And when I say seriously, I mean seriously. I’ve met people who get visibly angry over, say, not being FTF. Some will get really competitive about the numbers. Personally, I like numbers and such, but it’s because I’m a baseball nut and love statistics and the programs. But I don’t care where I’m ranked or where I’m stacked up against other cachers. Why?
And this next thought isn’t something that’s across the board, but something I’m curious about. I’ve talked to several people who are extremely competitive or call this game a “sport.” I grew up playing sports and still play competitive softball. So, to me, geocaching is relaxing. I’ve talked to many on the opposite end and the majority of them didn’t compete in sports growing up or in high school etc. I wonder if there’s a connection there as to who pushes and who doesn’t when it comes to competitiveness?
- Change happens
The reality is, the game is controlled by the listing sites. Though they may all listen to the community, in the end, they make the decisions. So when they make changes, it’s what they might think is best for the game and/or their business. Often, the changes are met with outrage.
As for me? I try and go with the flow. I can’t say I’ve always agreed with changes at geocaching.com, but I also realize they are a business and they have to do what they feel is best for them as well as the community. As the game continues to grow, more changes will happen. May as well deal with it, right?
- What’s a 3 to me is a 1 to somebody else is a 5 to another person
Though I often look at terrain and difficulty, I realize people think of ratings in a much different light. Though there’s a tool to use to be able to help with it, not everybody uses it or agrees with it. So it’s a good starting point, but sometimes it might be a different thought process, so keep that in mind.
- All types are fun
Though I’d rather not have a day full of lamp post caches and guardrail finds, I have no issues overall with them. I’ve gotten to the point where I enjoy all of the geocaches I find (besides those that are in bad shape and not being taken care of), and they all have their place. So, sign the log and move on.
Too often, I’ll see negative posts that call people out and things like that and it makes me shake my head. That is why it’s better to contact people privately, so utilize it. There’s no need to be negative and make somebody feel or look bad.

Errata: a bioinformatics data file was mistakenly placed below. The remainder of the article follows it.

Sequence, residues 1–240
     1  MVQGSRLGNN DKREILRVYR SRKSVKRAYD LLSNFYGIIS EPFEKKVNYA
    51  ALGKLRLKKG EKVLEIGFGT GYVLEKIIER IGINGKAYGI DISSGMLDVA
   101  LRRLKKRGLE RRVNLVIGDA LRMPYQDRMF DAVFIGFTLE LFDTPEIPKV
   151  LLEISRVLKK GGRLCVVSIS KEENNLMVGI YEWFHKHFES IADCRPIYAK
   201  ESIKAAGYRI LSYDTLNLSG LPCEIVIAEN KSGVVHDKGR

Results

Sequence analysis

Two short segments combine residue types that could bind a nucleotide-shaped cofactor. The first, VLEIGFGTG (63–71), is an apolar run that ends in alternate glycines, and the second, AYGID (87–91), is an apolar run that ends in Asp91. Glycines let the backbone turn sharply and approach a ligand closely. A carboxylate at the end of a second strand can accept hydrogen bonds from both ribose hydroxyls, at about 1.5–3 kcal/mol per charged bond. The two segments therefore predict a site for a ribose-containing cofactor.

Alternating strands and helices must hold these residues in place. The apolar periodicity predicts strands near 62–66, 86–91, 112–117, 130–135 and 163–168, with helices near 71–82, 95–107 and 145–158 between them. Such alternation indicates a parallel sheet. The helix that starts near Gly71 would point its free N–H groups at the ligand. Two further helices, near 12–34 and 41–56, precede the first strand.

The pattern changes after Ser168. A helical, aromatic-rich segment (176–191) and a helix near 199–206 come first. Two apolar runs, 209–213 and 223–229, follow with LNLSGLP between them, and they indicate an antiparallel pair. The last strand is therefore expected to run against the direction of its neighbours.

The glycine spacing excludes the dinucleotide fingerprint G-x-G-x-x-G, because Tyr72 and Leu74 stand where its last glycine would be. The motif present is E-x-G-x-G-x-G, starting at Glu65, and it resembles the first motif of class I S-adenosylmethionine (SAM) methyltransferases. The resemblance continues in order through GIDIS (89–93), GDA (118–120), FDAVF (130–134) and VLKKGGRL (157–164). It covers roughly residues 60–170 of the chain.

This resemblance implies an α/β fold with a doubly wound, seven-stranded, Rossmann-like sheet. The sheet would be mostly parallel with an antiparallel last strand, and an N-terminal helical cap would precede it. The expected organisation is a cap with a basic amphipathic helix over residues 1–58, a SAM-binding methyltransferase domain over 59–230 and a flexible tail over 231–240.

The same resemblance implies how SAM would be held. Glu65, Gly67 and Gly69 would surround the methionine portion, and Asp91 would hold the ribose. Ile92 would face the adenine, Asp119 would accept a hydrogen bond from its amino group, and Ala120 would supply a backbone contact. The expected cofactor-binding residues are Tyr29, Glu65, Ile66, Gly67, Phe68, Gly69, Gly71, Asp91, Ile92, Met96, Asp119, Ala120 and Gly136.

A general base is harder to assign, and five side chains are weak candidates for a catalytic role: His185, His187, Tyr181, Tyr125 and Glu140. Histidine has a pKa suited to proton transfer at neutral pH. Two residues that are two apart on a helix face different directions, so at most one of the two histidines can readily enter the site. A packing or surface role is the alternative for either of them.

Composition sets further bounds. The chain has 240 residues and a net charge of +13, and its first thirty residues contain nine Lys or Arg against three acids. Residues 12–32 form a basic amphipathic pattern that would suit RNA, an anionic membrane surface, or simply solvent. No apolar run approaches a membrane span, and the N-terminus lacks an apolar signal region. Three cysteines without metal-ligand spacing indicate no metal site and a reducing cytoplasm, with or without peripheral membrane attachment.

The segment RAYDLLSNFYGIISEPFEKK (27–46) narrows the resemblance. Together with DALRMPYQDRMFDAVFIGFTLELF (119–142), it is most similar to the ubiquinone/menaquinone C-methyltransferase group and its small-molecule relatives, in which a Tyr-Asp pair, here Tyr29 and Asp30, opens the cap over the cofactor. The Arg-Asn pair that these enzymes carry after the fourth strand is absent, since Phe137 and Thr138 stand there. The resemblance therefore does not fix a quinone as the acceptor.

Positive energy is a good thing.
Now, I will say one thing, though. The only time I feel all types aren’t fun is when there’s an opportunity to place something bigger and a small container is placed instead. I don’t even care if it’s a soda preform (to be honest, they are some of my favorite containers, so I have no issue with them anywhere), but go up a size from a nano or a small bison, or a small plastic tube. Sometimes, you just can’t, and I get that. But when there are many other places to hide something, try and come up with something a bit more.
Either way, I’ll sign and smile!
- I like what it does for me
Geocaching gets me out and about. I’ve met friends that I never would have known, if not for this hobby. I have a few podcasts I listen to about the game and never would have found those if not foe being involved. I enjoy events, creative hides, and easy grabs. I like a good hike, or taking me to an interesting place I never knew about. I like the people or the solitude this game can give.
It’s been a great thing for me and I hope it continues.
THE STATE OF THE GAME
Geocaching is strong right now. More and more people seem to know about the game, and that’s a good thing. I plan on caching as much as I can this summer and hopefully be able to meet more people, swap stories and cache with friends as much as possible.
I’m planning at least 4-5 weekends around geocaching, with two (GeoWoodstock and the Block Party in August) being longer and more in-depth. I look forward to seeing new places this summer, finding some great caches and enjoying being outside.
I’m excited for future milestones and trading pathtags and being involved as much as I can. Maybe I’ll make some old connections or find some new ones.
Feel free to leave a comment, or e-mail P.J. at email@example.com. Also, please “Like” HooHaa Blog on Facebook!Read More